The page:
An engineer at a Georgia nuclear plant was terminated and escorted from the plant after he filed a complaint about plant safety with the Nuclear Regulatory Commission (NRC). The engineer filed the complaint after a valve at the plant became stuck, affecting the plant’s ability to control the nuclear reaction.
The valve had become stuck several months prior, and workers believed dirt was the culprit. No one opened the valve to determine the real problem until after a second incident. The inspection revealed significant corrosion. The engineer blamed the lapse on high employee turnover and inexperienced workers on the job. He passed this information to the NRC in a memo known as a “condition report.” Federal law provides whistle-blower protection to all employees who file condition reports.
The engineer had worked at the plant for six years and always received glowing reviews. But his report to the NRC produced a chain reaction of filed complaints, bad reviews and termination. Now he is suing his former employer. It is unclear whether the company will settle—or the situation will blow up.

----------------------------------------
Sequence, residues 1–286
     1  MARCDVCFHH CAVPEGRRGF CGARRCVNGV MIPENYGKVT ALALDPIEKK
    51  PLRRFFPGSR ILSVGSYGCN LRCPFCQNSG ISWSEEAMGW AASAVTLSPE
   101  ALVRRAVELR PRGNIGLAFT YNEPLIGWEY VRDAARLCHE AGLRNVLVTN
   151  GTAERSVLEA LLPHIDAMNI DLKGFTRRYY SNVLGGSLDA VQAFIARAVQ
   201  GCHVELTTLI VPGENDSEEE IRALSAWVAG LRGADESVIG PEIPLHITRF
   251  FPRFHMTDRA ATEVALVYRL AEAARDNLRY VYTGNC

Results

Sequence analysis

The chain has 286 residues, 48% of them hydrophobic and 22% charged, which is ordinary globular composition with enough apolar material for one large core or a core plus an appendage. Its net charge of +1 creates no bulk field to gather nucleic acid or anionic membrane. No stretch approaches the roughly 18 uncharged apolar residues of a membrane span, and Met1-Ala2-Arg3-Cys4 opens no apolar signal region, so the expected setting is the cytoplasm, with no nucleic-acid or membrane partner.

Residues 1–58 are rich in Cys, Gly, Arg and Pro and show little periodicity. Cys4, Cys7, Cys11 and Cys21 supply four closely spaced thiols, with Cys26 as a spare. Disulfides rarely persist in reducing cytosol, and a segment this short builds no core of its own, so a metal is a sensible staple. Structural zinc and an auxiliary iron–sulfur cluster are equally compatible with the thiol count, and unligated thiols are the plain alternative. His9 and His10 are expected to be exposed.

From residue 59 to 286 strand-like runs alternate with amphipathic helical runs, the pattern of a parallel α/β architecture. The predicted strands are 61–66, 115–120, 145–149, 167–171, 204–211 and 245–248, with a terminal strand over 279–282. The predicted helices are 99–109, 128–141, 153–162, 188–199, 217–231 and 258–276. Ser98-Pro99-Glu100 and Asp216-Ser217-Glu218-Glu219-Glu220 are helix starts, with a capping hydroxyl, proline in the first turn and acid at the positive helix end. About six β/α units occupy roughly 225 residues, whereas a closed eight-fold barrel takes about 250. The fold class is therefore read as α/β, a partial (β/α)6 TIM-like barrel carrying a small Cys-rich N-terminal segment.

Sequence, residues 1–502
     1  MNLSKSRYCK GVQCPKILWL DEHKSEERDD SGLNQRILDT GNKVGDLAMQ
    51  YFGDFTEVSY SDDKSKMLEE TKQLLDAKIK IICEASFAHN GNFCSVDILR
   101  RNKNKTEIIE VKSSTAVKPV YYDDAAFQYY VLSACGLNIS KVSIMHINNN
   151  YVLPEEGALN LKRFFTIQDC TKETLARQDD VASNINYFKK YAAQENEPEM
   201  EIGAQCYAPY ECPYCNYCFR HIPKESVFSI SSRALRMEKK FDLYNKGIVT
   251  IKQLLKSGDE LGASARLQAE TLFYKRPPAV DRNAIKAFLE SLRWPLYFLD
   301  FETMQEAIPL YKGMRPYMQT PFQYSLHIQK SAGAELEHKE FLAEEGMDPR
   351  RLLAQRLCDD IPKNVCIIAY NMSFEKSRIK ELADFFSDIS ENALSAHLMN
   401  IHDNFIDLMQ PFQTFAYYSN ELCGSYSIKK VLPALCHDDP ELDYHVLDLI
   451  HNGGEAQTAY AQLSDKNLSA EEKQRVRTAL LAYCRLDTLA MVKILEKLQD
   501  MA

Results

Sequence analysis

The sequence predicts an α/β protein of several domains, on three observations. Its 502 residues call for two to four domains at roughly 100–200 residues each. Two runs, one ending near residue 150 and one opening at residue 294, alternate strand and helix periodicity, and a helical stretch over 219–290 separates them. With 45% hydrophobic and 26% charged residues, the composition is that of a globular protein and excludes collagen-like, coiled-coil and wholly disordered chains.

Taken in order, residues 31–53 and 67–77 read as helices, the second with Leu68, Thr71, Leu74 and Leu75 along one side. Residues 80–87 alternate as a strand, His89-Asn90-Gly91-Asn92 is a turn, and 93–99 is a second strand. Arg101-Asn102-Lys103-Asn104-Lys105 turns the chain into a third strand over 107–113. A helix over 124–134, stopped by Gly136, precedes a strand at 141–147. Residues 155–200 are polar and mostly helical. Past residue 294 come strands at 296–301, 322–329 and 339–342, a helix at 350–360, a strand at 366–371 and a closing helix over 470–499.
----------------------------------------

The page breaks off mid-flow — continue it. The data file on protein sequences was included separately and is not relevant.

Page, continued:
- Cupid in the workplace: You can terminate supervisor for lying about personal relationship
- After hours: How to regulate employees' off-duty behavior
- New Congress dives into employment law
- The 6 biggest retention mistakes ... and how to fix them
- Disabled worker? It may pay to offer commuting accommodations